[FOM] The origin of second-order arithmetic
Joe Shipman
joeshipman at aol.com
Tue Dec 5 18:24:05 EST 2017
What I’d like to know is what systems were proposed that we would recognize as “Second Order Arithmetic”, which both preceded and were weaker than the full Z2. If so, there would be historical motivation for Reverse Mathematics’ emphasis on subsystems of Z2.
The Predicative/Impredicative boundary and the controversy over AC are the two examples I can think of where people cared about this, but was either of these issues ever connected to a fully formalized system that we would recognize as a subsystem of Second Order Arithmetic, before the Mostowski 1952 paper?
Here I mean “proposed as reliable foundations for analysis” rather than simply “proposed as an object of study”, where it was noted that particular theorems not known to be provable in the proposed system were actually mathematically doubtful because of reservations about impredicativity, arbitrary choices, etc.
— JS
Sent from my iPhone
> On Dec 5, 2017, at 3:57 PM, sasander at cage.ugent.be wrote:
>
> Dear Richard,
>
> Thanks for your answer!
>
>> Note that the formalism H (arithmetic with function variables and \epsilon) ?>goes back to Ackermann's 1924 dissertation.
>
> Indeed, that?s what the first sentence of Supplement IV says (p 467 in my reference). That sentence *also* says the following: that the formalism presented
> in Supplement IV is *up to insignificant differences* the one from Hilbert?s lectures about proof theory and Ackermann?s disseration. However, both Hilbert?s
> lectures (See the excellent book by Sieg) and Ackermann?s dissertation (See below link) explicitly introduce third-order objects, which they refer to as ?Funktionfunktionen?.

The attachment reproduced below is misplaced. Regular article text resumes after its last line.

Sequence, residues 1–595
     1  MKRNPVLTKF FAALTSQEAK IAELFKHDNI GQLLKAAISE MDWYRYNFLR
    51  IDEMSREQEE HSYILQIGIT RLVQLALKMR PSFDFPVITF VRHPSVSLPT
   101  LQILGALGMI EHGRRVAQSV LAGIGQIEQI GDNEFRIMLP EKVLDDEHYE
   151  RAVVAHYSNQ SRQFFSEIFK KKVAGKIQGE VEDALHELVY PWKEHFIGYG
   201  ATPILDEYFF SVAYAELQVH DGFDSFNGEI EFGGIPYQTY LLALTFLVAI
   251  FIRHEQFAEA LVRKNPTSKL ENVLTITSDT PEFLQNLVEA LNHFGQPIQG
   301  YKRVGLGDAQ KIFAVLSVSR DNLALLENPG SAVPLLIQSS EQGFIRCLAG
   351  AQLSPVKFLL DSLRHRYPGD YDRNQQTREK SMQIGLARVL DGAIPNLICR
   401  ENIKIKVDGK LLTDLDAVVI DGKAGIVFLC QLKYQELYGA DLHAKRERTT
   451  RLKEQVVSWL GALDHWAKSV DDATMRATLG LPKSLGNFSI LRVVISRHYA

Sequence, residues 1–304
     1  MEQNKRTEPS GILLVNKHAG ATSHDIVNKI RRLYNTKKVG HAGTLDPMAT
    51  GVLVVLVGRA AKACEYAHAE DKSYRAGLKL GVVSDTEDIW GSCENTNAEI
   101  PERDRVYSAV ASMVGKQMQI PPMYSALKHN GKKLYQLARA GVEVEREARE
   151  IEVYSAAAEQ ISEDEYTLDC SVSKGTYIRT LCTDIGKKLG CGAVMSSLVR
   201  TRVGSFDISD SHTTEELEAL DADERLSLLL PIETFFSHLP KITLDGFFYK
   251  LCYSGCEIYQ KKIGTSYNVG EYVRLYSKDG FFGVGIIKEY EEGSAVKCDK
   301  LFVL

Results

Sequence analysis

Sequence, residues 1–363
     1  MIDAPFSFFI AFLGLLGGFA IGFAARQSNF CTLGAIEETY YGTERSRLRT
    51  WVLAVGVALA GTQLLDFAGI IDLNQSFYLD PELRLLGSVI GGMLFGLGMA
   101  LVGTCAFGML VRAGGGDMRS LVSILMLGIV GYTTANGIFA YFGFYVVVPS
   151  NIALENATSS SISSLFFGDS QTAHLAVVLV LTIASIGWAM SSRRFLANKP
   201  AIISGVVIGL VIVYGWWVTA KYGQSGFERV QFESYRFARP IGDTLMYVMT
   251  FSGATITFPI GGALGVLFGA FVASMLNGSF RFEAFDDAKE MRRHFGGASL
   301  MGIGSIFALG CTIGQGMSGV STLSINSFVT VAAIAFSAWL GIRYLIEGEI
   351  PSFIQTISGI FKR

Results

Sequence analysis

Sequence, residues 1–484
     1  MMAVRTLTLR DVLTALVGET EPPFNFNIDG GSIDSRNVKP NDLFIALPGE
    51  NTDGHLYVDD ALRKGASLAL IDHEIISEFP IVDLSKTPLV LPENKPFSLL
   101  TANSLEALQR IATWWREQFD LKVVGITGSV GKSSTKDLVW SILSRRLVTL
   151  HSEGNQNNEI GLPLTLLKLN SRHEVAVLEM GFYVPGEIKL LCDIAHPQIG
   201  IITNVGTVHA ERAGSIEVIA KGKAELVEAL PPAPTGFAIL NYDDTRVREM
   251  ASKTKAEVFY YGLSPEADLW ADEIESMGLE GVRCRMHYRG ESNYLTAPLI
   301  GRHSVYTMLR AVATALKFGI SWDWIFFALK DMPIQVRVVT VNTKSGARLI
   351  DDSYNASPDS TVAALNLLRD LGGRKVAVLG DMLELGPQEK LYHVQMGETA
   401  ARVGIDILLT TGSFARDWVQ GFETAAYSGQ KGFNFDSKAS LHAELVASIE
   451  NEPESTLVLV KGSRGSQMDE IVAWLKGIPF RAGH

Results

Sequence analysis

>
> In light of the above, it is not a stretch of the imagination to think that \xi on p 495 is to be interpreted as a third-order object.
> Moreover, on the second page of Supplement IV, we find the following sentence:
>
> entsprechend sind als Funktionale die Ausdruecke (\epsilon f )A(f) zugelassen, worin A(f) aus einer Formel A(g), welche die freie Funktionsvariable g,
> dagegen nicht die gebundene Variable f enthaelt, mittels der Ersetzung von g durch f hervorgeht.
>
> I changed the variables because FOM probably does not like Fraktur (or Umlauts). This sentence essentially says that functionals may be obtained
> from the epsilon operator as (\epsilon f )A(f), assuming there are no variable clashes for the function variable f.
>
>> \xi is an expression with free function variables, not a third order order ?>object
>
> By ?expression", do you mean ?formula?? Note that \xi is not a formula: the dotted equality is equality between functions (See e.g. p 477).
> The ?~? symbol would be used otherwise (See e.g. p. 483).
>
> I just noted that a functional similar to \xi is introduced at the bottom of p. 479 (without getting a name like \xi).
>
>> (that you can quantify over).
>
> Curiously, Hilbert-Bernays indeed do avoid quantifying over third-order objects.
> As I said, there is definitely a tendency towards less third-order stuff over the years, culminating in
> the Grundlagen. However the latter are not free of third-order stuff, it seems.
>
>> This doesn't make H third-order for the same reason that the term (x + y) in >first order number theory doesn't make first-order PA a second-order theory, >even though x + y expresses a function from numbers to numbers (a second-order >?object).
>
> Do you still stand by that analogy?
>
>> L does allow the expression of theorems about the reals; it's statements about >*sets of* reals that can only be expressed by formula schemas.
>
> Well, I did say ?basic theorems about the reals?; Hilbert-Bernays name "Satz von der oberen Grenze? (supremum principle) among the thms for which
> formula schemas are needed. I would call that a basic theorem, but perhaps
> not a good example.
>
> Best,
>
> Sam
>
>
> PS: Ackermann?s dissertation has been digitised and is freely available here:
>
> http://gdz.sub.uni-goettingen.de/dms/load/img/?PID=GDZPPN002270129
>
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